Our Hakka family gongfu style is primarily 'Northern' in structure and was brought into the New Territories of Hong Kong by Chinese people migrating from around the Henan area (during the 1600s as the Ming Dynasty collapsed) - but sometimes much further North (my partner's family migrated to the Shenzhen area from Shandong). Our 'Northern Snake Fist' (北蛇拳 - Bei Shi Quan) is comprised of sixty-four movements - which mirror the sixty-four hexagrams (卦 - Gua) of the 'Yijing' (易經) - known as the 'Change Classic' or 'Book of Change' (I Ching) in the West. This text must be studied over many years supplemented by hours of seated meditation and the perfection of 'movement' and 'stillness' when this 'Form' (形 - Xing) is deployed. This is an integrated Form requiring the mastering of the 'external' (外 - Wai) and the 'internal' (内 - Nei) - or 'Zagong' (雜功).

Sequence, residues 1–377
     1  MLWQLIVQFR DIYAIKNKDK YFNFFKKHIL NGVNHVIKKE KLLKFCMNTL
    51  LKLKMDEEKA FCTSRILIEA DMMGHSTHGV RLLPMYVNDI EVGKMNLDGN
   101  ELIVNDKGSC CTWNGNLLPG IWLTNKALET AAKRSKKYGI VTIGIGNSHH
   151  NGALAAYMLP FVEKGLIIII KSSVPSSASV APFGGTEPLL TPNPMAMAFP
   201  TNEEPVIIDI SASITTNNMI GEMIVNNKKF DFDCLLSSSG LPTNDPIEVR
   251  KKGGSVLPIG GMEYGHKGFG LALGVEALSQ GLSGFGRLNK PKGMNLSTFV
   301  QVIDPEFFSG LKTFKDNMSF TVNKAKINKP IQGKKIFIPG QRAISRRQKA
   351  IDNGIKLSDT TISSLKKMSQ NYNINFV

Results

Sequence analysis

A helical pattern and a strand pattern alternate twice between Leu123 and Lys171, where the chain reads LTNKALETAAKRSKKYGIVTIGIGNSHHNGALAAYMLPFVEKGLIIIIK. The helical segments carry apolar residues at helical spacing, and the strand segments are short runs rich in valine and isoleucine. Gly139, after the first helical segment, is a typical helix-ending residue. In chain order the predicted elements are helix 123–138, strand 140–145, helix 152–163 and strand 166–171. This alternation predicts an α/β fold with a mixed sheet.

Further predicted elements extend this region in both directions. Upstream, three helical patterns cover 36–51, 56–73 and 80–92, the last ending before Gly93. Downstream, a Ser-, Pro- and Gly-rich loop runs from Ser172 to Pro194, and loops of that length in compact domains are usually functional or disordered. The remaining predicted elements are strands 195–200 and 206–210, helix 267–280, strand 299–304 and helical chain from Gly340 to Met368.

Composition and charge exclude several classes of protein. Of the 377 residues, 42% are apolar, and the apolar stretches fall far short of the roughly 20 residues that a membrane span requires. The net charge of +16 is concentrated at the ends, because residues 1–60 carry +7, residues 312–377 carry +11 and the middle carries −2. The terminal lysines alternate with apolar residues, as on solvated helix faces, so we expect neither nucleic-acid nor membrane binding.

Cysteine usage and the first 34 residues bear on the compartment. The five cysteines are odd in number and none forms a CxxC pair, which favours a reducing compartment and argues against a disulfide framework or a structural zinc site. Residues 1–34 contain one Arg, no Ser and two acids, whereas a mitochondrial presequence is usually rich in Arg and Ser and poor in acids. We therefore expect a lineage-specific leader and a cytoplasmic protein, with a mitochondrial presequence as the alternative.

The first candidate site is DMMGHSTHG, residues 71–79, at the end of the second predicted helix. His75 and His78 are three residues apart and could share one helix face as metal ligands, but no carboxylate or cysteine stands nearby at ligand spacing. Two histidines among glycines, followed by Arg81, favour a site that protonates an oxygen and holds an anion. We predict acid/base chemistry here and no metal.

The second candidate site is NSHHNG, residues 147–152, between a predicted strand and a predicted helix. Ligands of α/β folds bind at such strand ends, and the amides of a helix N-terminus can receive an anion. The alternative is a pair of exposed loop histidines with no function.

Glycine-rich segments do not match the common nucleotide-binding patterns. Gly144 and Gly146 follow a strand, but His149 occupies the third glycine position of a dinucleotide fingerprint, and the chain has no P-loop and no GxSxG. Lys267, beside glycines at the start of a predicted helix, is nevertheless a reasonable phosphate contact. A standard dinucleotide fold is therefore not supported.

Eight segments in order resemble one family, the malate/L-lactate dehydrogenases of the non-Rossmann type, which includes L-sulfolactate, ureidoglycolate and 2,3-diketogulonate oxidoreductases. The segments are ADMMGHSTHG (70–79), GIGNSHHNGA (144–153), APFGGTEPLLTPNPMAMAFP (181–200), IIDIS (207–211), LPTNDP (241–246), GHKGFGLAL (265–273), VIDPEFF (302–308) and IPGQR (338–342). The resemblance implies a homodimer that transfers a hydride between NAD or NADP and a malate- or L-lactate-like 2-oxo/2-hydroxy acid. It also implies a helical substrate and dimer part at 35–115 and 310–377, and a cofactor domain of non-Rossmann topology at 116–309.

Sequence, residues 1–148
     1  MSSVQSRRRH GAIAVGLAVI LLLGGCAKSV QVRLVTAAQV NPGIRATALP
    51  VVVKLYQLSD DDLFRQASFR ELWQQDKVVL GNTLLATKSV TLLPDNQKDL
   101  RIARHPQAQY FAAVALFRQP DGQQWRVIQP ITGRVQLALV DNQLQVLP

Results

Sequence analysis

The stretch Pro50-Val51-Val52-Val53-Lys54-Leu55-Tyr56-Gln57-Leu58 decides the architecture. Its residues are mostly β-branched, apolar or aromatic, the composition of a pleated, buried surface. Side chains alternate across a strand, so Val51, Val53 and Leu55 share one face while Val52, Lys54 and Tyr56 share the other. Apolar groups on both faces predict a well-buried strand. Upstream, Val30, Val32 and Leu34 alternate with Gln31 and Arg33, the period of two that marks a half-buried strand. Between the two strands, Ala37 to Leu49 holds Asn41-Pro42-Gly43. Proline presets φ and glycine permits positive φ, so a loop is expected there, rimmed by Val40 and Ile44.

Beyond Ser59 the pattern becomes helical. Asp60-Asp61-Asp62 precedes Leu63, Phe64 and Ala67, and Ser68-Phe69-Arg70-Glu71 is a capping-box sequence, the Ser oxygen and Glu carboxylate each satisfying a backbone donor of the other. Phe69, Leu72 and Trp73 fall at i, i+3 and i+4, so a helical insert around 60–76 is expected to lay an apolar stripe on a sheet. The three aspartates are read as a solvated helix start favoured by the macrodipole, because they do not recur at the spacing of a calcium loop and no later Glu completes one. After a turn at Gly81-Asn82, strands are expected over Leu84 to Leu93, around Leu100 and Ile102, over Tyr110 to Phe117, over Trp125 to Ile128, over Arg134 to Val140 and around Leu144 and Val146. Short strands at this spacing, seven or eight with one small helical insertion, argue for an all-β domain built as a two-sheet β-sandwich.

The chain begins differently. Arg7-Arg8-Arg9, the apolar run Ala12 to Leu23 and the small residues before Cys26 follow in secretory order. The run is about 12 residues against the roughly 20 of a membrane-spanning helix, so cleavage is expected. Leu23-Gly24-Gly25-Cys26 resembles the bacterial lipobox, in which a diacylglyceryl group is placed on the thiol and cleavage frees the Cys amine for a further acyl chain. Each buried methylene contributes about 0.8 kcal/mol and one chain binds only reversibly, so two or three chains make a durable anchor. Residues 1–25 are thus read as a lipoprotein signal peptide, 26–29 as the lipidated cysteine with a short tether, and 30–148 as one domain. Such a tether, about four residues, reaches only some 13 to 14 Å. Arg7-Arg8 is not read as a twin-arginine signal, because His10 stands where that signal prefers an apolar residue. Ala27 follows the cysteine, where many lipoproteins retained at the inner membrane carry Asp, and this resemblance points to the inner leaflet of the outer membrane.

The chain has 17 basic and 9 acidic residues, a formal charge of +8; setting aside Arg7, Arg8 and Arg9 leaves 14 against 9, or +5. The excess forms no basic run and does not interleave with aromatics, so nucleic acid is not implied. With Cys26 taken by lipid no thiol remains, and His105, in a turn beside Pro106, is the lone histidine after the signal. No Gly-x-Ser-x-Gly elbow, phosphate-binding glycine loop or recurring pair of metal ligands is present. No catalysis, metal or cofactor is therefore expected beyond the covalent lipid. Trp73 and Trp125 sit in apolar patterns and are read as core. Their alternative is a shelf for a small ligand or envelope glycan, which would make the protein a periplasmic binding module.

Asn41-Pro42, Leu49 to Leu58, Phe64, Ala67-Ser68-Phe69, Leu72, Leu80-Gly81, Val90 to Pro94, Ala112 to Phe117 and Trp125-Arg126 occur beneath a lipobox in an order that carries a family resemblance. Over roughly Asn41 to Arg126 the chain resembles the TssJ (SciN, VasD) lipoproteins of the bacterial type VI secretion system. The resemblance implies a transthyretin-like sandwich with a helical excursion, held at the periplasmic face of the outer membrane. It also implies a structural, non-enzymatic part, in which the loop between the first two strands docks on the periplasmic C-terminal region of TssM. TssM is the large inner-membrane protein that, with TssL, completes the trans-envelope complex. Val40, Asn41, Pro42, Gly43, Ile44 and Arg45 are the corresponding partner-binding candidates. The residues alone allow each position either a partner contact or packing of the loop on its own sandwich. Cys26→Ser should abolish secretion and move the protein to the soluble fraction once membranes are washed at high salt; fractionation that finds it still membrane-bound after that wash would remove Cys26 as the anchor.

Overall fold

All traditional 'Forms' begin with the practitioner facing 'South' - the area of warmth, good farming land, trade, plenty and controllable borders within ancient China. By comparison, the 'North' can be cold, overly 'hot', suffer from a scarcity of food and peopled by barbarian hordes all seeking to attack, destroy and steal! The 'Snake Form' unfolds on overlapping 'cross' formations - starting toward the 'East', West', 'North' and then 'South' repeating the same techniques - which then adjust into a new set of techniques. The 'cross' alters into 'Southwest', 'Northeast', 'Southeast' and 'Northwest', etc. There are a number of unique movements (such as 'Gorilla Punches the Ground') - but generally speaking the 'cross' (both 'cardinal' and 'ordinal') formation holds true. This section appears to the 'Southwest' and is the first repetition of 'three' performed in this direction. The structure builds-up just as a hexagram does in the 'Yijing':